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QUESTION: Hi there i hope you can help me. Ive got a 15 year old dog. Hes never a dog that you can look into his mouth. He will bite. Anyway his breath is smelly and he does have plaque on his teeth. Making his gums a little red. Is there anything out there that can help break the plaque up or reduce it and help his gums. I have to muzzle him at vets so wouldnt know how they would be able to look into his mouth if he wont let us. If you can let me know of anything that will be greatly appreciated. Also he does eat but hes very very fussy in his old age so very picky.

Hi Lyndsey,

Even though your dog won't allow you to look into his mouth, and you need to muzzle him at the vet's office, your veterinarian may still be able to do dental work on him, despite his age. Your vet would need to give anesthesia or use a mild sedative in order to do the exam and whatever work is needed.

Oftentimes, older dogs have an underlying condition that would complicate their ability to be anesthetized with a good outcome. For this reason before doing anything that requires anesthesia, your vet would want to do some blood tests in order to assess your dog's health. If your vet says your dog is a good candidate for anesthesia,  confirm that the office is equipped with anesthetic monitors: a pulse oximeter, blood pressure monitor, and ECG.  There are different kinds of anesthesia, some are better tolerated than others. One type of anesthesia that is recommended for older dogs is "isoflurane," an inhalation-type anesthesia that is quickly eliminated from the dog's body once inhalation stops. Some vets will clean an older dog's teeth using an ultrasound scaler with the help of a mild sedative. If having your vet do the dental work and cleaning is at all possible, this would be the way to go. Dogs are quite stoic about showing pain or discomfort, but that doesn't mean your dog isn't living in pain. Being so fussy about food could be a sign of dental pain.

Some veterinarians now offer anesthesia-free dental cleanings in their clinics, in recognition of the fact that some dogs may be adversely affected by anesthesia, and yet would benefit from dental care. It sounds like your dog would require a sedative, but that isn't the same as being completely "knocked out" by an anesthesia, so it might be an option. Talk to your vet about the dental treatment options.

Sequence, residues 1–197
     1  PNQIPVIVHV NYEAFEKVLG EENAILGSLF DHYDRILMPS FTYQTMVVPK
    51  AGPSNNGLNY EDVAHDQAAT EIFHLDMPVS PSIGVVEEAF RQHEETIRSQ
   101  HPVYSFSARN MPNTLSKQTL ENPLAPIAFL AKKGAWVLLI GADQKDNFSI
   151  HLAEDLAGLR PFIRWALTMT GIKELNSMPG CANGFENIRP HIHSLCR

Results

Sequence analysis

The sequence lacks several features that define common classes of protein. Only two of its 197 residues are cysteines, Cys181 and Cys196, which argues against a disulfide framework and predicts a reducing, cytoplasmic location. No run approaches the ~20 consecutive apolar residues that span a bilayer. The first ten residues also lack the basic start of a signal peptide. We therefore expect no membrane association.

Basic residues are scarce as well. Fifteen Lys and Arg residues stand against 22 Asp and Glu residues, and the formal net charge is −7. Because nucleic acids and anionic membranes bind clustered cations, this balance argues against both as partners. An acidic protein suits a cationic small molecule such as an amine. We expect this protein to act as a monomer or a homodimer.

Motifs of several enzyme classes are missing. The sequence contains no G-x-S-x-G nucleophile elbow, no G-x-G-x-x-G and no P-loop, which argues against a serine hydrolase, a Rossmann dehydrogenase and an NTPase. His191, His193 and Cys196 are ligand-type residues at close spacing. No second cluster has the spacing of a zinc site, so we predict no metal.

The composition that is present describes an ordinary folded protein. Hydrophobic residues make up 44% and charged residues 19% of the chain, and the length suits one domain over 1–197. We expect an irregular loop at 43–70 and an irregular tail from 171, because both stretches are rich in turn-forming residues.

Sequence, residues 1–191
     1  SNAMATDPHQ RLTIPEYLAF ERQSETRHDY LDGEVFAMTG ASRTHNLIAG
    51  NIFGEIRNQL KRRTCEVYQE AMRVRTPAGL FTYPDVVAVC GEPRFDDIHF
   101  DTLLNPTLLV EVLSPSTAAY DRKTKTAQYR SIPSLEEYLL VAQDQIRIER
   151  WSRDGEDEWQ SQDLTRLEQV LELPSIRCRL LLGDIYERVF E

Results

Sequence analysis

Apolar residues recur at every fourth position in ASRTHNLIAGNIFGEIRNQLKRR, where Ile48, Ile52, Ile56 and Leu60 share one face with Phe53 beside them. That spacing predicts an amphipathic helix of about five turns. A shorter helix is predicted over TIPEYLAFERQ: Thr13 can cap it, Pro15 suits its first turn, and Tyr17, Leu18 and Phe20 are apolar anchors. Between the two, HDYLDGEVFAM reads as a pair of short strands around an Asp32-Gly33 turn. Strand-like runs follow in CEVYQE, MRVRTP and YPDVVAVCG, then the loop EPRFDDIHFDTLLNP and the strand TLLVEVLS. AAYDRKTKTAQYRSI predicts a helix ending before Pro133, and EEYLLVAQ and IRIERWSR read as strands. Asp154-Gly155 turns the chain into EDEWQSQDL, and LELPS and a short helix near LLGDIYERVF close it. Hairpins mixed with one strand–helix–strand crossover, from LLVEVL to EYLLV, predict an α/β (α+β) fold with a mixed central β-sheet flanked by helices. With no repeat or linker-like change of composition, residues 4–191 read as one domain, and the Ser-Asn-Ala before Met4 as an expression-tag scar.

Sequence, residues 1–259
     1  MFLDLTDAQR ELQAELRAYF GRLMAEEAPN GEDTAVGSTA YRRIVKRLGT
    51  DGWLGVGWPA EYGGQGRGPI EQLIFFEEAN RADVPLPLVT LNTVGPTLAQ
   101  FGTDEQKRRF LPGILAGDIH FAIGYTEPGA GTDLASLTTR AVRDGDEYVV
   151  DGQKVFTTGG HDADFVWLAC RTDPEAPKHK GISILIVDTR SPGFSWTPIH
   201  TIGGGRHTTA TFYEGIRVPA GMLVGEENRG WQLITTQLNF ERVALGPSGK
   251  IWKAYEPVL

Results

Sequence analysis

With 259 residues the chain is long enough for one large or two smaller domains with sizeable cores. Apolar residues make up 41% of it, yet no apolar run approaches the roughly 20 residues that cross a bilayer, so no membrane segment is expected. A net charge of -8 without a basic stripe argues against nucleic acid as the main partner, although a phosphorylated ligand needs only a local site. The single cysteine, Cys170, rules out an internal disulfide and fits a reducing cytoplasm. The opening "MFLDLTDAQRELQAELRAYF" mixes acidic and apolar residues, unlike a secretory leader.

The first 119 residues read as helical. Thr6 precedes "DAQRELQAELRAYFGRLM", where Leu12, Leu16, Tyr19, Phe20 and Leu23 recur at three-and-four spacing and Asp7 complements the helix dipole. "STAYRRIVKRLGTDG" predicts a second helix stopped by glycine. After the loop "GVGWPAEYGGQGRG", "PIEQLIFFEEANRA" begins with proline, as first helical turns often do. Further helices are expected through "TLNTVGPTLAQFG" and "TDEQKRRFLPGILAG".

Unfortunately, if your dog won't allow you to even look into his mouth, doing some home dental hygiene doesn't sound like an option. Besides, your dog would benefit from the professional cleaning and exam at this point, and may need an extraction or two. I wish there was a magic pill that would remove tarter, but even if there were, chances are pretty good your dog is having some decay or periodontal disease, which lands you back to the vet providing care. There really isn't a substitute for professional dental care. Eating a good diet and crunchy food only gets you so far, and at some point both people and dogs need dental work to stay healthy.

Sorry I couldn't be more of a help.
Best of luck,


---------- FOLLOW-UP ----------

QUESTION: Thank you. I did contact my vets. Hes booked in for pre-op next week and blood tests. Everytime hes went to vet hes in good health they are really happy with him. So fingers crossed hes fit and can get the go ahead and hopefully solves his eating habit


Hi Lyndsey,

I'm so glad to hear back from you, to hear you're taking steps to have your dog's teeth examined!

I hope the blood work comes back great so that this treatment can get underway, and that in a very short time your dog will be much MUCH better!

Best of luck,



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To date, I've owned 7 dogs, all of which have lived into old age. Having cared for them in all stages of life, I feel I can offer sound advice to other pet owners, and people considering getting a dog. I am knowledgeable about the AKC (American Kennel Club) dog breeds, training and exercise, caring for sick and elderly pets, feeding, as well as many holistic treatments pets can benefit from. My only request is that you write me using standard English and punctuation.


My life experience in this field is more like "on the job training" rather than an actual degree in animal welfare. You may benefit from my experiences over the past 30 years. Aside from the dogs I've owned, I'm also involved in "breed rescue" and have fostered several dogs, all of which have been adopted to wonderful "forever homes". I find helping people who want a dog very rewarding.

Real life experience, based on over 30 years of dog ownership.

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